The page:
You never know what Jesse Dayton may have his hands dirty with at any given moment. He could be playing guitar for Johnny Cash and Waylon Jennings right before they pass away, or collaborating with Rob Zombie on some horror flick, or producing a record with Eddie Spaghetti. Last year he was touring around with the band ‘X’ filling in for Billy Zoom on guitar. He’s all over the place, which is cool in the respect that he allows his creative passion to take him wherever it calls. But for the country music fan, sometimes you’d wish he’d cut it out and just make another damn record.
Jesse Dayton has an unfair ability when it comes to writing country songs. It seems like he can do it as easy as falling out of bed, while it takes other folks weeks of struggling to come up with something half as good. Like Corb Lund, there’s most often a little dollop of humor interwoven into his verse, and he’s not afraid to make a little fun of how sentimental and self-referential country music songwriting can sometimes be. And just as Jesse Dayton shifts mediums for his music, so will he when it comes to style. A little bit of punk-inspired rockabilly and Southern blues is always at the heart of Jesse Dayton’s music.
All of these attributes and more can be found on his latest record, The Revealer, which if it accomplishes nothing else, reveals most all of the reasons so many famous folks want Jesse Dayton putting in time on their projects, but why Dayton should always make sure to reserve some time for his own. Dayton had plenty of time to accrue new material for this album—his last record was a Kinky Friedman tribute from 2012—and The Revealer doesn’t take any shifts off or leave room for any slouchers. It’s one serious and entertaining effort after another for 12 tracks in a project that reminds us why we miss him in the album release department, and reveals no rust when it comes to Dayton making himself the centerpiece of the music.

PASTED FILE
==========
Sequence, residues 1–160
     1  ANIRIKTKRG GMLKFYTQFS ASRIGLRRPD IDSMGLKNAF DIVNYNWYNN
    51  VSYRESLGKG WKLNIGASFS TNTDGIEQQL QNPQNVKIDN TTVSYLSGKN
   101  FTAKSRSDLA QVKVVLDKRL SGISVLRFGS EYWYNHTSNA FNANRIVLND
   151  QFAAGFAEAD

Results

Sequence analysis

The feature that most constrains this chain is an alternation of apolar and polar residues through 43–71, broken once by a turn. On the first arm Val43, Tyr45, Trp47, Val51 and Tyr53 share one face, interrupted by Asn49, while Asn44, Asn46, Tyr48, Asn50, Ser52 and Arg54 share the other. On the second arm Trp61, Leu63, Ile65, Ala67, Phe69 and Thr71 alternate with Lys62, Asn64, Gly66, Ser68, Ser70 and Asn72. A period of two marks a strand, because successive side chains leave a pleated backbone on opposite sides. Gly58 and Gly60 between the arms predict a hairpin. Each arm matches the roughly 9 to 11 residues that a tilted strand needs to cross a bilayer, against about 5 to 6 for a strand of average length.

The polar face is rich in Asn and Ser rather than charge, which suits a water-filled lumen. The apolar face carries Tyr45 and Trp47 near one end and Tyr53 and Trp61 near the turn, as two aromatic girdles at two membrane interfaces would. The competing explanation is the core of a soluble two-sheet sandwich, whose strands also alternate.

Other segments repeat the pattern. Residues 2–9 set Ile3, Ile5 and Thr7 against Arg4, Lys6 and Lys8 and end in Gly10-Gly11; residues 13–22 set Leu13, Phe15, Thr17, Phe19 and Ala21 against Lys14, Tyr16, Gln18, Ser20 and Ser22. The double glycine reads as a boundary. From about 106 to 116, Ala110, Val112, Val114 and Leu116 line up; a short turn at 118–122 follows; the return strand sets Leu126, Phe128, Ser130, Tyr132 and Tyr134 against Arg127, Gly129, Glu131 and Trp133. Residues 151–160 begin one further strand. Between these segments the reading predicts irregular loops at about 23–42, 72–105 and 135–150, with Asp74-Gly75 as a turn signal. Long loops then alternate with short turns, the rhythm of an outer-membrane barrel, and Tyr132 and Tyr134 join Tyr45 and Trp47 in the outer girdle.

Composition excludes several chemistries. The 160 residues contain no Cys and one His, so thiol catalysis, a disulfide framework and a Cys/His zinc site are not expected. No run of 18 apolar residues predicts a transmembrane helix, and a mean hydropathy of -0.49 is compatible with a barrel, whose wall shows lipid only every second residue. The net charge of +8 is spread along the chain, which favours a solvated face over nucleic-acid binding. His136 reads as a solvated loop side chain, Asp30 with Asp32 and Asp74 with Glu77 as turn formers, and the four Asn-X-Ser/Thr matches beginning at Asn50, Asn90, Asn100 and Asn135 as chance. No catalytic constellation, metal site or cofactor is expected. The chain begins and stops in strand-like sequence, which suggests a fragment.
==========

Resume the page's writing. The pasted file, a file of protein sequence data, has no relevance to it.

Take a country song like “Match Made In Heaven”—he delivers country songs that are so good it’s hard for him to sing them without putting his tongue in his cheek, which transitions smoothly into “I’m Home Gettin’ Hammered (While She’s Out Gettin’ Nailed)” first performed by Banjo & Sullivan, but written by Dayton. His George Jones tribute “Possum Ran Over My Grave” is just about perfect, and the way he’s able to put those Jones inflections on his voice makes it that much more spine shivering.
Where The Revealer really digs in is its old school alt-country or rockabilly material like the blistering “Take Out The Trash,” the funny (though a little wordy) “3 Pecker Goat,” or the good-gone-bad tatted up in flame decals “Holy Ghost Rock n’ Roller.” Then Dayton takes some time from being funny and frolicking to moving into more personal material like “Mrs. Victoria (Beautiful Thing),” which tackles the subject of race by portraying the way it really is for most Southerners, and how friendships and bonds stretch across the tracks more than is given credit for by the outside world.
The album turns even more serious at the end. Though “Never Started Livin'” may not hit on the mark exactly like it wants to, the final song “Big State Motel” reveals the deep Texas blues and soul that is also a serious part of the Jesse Dayton arsenal and can cut deep down to the bone when he wants to call on it, bolstered by the metallic tone of a resonator guitar.
You’re a bit surprised there isn’t a little more of the dazzling guitar work you would expect from a Jesse Dayton record, though perhaps the point on The Revealer is to put the songs more out front. It’s also a little hard to nail down what Dayon’s authentic voice is on this project, because he shape shifts into so many different characters by the end, though he does all these different styles so well.
Jesse Dayton, like many Austin-based musicians, is so well-revered locally and among his musical peers that it doesn’t really push them to ingratiate themselves to the outside world. There was a time when Dayton was one of the most promising musicians in the alt-country world. But he’s also one of these guys who doesn’t care to become some superstar; he just wants to be a part of some cool projects, whether that pushes his own brand into the spotlight or not. But as The Revealer proves, he’s got the chops to not have to play second fiddle to anybody, still. Hopefully it will be a gateway to new independent country devotees to go back and check out those earlier records, and spurn Dayton to find at least a little more time for his own music in between all those other pursuits he’s a part of.
1 3/4 Guns Up (8/10)
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